Spinach-associated Escherichia coli O157:H7
Source of Article: http://www.cdc.gov/ncidod/eid/
Juliana Grant, Aaron M. Wendelboe,1 Arthur Wendel, Barbara Jepson,
Author affiliations: Agency for Toxic Substances and Disease Registry, Atlanta, Georgia, USA (J. Grant); Centers for Disease Control and Prevention, Atlanta (A.M. Wendelboe, A. Wendel); Wisconsin Department of Health and Human Services , Madison, Wisconsin, USA (A. Wendel); New Mexico Department of Health, Santa Fe, New Mexico, USA (A.M. Wendelboe, P. Torres, C. Smelser); and Utah Department of Health, Salt Lake City, Utah, USA (B. Jepson, R.T. Rolfs) 1Current affiliation: University of Oklahoma Health Sciences Center, Oklahoma City, Oklahoma, USA.
On September 13, 2006, health officials from several states independently notified the Centers for Disease Control and Prevention (CDC) about clusters of Escherichia coli O157:H7 infections and a suspected association with spinach. E. coli O157:H7 expresses 1 of 2 types of Shiga toxin and can cause severe gastrointestinal infections and hemolytic uremic syndrome (HUS).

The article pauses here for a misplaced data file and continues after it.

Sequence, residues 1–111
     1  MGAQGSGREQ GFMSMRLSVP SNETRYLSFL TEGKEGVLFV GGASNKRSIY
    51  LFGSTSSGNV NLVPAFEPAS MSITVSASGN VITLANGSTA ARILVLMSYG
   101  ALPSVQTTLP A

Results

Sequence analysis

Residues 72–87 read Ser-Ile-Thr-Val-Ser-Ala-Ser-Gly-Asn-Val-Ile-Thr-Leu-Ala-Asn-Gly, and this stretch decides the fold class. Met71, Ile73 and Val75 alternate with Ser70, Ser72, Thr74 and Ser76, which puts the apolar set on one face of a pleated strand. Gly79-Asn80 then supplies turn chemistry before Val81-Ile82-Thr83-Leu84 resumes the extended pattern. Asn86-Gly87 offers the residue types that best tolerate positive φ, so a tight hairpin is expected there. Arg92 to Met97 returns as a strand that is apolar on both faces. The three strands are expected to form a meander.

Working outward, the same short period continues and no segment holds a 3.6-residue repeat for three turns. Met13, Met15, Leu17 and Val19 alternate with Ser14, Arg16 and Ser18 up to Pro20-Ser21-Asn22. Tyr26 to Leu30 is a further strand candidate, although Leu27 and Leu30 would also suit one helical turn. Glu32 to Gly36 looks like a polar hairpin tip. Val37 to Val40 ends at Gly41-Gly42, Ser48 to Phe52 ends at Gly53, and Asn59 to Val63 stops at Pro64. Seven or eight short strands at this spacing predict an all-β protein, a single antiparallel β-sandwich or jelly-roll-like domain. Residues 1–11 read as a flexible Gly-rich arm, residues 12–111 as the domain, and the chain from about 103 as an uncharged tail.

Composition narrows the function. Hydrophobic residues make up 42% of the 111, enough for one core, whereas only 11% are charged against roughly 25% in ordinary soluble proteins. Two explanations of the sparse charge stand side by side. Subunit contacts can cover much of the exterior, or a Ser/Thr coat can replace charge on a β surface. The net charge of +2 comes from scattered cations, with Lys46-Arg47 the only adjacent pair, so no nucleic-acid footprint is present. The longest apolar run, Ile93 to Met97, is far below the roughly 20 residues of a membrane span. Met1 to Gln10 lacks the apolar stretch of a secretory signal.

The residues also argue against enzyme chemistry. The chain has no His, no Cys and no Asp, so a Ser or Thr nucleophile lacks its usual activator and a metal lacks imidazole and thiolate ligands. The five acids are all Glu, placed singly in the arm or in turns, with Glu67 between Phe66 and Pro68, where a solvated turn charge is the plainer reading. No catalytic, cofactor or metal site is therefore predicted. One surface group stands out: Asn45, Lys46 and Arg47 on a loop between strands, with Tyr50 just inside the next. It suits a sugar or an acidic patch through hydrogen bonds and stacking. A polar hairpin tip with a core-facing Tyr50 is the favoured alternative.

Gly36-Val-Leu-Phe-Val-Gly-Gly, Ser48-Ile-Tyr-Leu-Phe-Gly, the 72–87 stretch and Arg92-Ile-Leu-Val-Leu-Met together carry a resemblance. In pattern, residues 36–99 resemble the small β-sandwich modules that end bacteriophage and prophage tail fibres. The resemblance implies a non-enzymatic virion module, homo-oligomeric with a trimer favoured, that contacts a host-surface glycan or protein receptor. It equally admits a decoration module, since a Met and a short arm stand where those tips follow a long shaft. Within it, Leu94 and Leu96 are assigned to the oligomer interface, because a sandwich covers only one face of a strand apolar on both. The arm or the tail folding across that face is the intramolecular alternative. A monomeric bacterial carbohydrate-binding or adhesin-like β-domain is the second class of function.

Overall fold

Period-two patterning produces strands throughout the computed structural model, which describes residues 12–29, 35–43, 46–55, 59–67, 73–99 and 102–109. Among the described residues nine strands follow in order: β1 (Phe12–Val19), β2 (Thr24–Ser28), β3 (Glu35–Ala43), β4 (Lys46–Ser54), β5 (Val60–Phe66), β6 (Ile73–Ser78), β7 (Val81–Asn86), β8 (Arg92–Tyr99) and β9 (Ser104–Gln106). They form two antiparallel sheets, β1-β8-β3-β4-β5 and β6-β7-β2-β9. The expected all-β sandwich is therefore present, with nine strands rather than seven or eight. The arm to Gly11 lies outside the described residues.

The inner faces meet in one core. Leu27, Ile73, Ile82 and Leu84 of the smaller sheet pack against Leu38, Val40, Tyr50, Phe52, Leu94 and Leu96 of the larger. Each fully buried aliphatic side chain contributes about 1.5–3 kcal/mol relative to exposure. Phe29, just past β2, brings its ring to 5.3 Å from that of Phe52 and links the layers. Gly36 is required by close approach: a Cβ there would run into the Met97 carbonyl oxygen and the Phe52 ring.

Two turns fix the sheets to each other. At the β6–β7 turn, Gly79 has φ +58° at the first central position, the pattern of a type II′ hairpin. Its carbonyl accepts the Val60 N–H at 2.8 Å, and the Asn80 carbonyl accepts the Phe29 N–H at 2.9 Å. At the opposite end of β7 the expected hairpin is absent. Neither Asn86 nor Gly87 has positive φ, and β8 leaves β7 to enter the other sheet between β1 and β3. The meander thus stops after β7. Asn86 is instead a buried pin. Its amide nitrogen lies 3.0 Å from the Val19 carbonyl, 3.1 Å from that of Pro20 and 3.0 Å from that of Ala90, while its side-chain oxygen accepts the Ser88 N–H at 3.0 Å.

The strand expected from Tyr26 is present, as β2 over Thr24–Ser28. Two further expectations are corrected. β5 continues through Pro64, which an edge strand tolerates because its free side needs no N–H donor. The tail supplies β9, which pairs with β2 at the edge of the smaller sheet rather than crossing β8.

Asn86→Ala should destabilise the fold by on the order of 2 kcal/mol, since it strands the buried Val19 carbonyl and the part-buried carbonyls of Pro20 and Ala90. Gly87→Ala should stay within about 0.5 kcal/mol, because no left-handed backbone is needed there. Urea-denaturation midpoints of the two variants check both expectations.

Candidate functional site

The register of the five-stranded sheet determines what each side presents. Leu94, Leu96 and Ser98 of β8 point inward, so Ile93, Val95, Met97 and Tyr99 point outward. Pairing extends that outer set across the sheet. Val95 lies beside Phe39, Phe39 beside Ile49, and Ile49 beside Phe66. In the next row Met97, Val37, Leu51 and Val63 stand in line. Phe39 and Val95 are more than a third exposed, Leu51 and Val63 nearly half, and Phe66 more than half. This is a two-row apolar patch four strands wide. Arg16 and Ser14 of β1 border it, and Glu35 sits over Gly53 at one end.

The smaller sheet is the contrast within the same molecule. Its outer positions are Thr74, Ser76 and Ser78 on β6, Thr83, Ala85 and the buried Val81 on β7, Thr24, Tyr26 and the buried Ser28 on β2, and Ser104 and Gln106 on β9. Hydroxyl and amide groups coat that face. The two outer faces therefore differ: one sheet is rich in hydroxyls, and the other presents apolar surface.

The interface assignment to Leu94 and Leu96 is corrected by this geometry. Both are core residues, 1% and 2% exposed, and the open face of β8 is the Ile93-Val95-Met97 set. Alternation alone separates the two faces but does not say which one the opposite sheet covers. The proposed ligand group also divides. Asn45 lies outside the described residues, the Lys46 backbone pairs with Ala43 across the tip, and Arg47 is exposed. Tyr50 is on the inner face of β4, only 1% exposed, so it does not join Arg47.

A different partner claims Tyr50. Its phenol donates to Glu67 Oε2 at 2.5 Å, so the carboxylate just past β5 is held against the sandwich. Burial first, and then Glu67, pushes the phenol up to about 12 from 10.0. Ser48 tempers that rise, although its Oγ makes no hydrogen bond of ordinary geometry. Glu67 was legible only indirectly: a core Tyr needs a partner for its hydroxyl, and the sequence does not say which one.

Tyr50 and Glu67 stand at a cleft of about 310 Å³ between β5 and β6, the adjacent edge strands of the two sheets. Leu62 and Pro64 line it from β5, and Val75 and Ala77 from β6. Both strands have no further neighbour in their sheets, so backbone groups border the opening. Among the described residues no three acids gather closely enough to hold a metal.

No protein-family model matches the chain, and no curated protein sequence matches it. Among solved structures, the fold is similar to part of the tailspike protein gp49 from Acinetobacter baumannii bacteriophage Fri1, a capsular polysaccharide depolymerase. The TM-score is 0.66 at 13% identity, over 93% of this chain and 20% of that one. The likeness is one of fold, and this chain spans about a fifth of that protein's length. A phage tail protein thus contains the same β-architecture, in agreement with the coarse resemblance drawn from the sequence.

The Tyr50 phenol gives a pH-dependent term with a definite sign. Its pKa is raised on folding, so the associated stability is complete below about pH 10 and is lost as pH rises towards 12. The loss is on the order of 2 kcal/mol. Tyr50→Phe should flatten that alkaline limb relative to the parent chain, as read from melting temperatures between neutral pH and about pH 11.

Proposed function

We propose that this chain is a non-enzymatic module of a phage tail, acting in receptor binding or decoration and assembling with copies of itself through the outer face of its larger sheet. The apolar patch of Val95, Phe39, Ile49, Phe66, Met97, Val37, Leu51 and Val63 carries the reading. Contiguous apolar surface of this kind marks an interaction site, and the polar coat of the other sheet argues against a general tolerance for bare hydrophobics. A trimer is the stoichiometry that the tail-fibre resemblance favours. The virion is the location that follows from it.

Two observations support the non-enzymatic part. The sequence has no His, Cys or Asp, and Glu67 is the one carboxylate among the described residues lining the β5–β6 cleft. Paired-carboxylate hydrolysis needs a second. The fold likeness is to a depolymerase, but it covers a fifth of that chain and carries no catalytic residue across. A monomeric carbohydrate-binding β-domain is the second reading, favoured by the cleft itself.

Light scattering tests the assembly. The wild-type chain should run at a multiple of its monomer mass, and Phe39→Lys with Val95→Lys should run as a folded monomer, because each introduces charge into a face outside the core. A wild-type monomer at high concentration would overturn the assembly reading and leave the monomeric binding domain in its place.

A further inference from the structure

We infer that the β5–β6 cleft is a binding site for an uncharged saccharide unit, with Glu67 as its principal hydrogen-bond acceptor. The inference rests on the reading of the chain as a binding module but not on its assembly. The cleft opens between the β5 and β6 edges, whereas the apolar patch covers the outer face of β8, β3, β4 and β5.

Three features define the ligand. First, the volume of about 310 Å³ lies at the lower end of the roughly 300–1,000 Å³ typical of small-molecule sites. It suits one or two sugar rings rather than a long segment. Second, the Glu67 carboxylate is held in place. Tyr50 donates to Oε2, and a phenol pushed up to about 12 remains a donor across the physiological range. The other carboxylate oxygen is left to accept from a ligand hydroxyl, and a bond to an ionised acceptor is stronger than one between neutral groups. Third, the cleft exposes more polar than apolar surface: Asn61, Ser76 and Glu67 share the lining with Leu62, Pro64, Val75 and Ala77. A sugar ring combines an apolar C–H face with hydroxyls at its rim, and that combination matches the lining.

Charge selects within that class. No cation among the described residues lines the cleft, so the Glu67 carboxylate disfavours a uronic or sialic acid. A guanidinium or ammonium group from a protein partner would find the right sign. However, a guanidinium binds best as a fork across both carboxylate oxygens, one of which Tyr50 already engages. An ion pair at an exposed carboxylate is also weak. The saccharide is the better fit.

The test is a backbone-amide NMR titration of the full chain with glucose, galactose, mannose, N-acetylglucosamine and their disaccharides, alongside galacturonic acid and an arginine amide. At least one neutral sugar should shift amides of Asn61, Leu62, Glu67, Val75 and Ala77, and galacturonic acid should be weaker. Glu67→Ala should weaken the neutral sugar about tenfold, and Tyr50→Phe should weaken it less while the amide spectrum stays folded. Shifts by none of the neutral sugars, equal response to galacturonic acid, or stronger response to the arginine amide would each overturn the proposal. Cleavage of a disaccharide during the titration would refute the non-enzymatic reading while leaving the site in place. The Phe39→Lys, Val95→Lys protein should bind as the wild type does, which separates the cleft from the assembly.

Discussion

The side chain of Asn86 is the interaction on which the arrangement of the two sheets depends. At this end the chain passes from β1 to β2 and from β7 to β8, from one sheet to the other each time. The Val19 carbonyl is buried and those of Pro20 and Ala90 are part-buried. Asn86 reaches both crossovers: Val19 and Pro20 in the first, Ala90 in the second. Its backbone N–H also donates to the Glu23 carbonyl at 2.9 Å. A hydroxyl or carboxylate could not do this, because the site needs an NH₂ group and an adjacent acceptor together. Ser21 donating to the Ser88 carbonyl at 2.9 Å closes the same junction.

A multistate outbreak investigation, involving 26 states, was initiated on September 14. The US Food and Drug Administration (FDA) and CDC advised consumers not to eat bagged spinach (1,2). The Utah (UDOH) and New Mexico Departments of Health conducted a case-control study to characterize the outbreak and a laboratory investigation to test spinach eaten by case-patients for contamination. This report focuses on the investigation conducted in the 2 states.
case definition for a laboratory-confirmed illness was culture-confirmed E.
coli O157:H7 infection in a
Read whole article: http://www.cdc.gov/eid/content/14/10/pdfs/07-1341.pdf
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